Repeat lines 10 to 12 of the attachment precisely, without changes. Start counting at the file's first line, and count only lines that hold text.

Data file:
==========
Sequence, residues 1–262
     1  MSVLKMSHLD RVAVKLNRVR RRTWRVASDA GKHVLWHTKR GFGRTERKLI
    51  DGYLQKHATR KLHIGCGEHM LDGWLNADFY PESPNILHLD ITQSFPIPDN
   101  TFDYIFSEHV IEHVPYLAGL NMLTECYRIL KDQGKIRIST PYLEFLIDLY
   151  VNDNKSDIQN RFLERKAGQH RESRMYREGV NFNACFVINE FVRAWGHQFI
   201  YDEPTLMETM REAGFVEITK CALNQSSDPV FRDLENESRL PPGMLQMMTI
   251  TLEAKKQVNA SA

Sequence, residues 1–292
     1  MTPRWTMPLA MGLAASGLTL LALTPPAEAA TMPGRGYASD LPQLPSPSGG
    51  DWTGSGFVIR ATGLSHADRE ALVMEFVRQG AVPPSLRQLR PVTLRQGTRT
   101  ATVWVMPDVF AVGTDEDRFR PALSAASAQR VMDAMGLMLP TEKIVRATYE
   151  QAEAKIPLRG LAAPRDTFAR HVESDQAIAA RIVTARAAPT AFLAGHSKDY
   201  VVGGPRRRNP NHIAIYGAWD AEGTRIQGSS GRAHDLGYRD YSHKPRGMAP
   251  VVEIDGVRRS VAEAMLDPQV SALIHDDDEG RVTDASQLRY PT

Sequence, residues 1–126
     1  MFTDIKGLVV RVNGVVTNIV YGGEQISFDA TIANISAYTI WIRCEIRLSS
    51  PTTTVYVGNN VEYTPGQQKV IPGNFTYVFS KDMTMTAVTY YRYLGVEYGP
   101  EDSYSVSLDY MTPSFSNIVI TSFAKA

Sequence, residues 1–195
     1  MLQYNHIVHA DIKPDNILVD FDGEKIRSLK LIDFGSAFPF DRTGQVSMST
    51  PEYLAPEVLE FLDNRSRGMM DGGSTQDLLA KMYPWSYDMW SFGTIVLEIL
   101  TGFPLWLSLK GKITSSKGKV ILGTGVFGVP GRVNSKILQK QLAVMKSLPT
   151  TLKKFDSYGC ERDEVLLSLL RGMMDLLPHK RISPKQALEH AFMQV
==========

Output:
    51  DWTGSGFVIR ATGLSHADRE ALVMEFVRQG AVPPSLRQLR PVTLRQGTRT
   101  ATVWVMPDVF AVGTDEDRFR PALSAASAQR VMDAMGLMLP TEKIVRATYE
   151  QAEAKIPLRG LAAPRDTFAR HVESDQAIAA RIVTARAAPT AFLAGHSKDY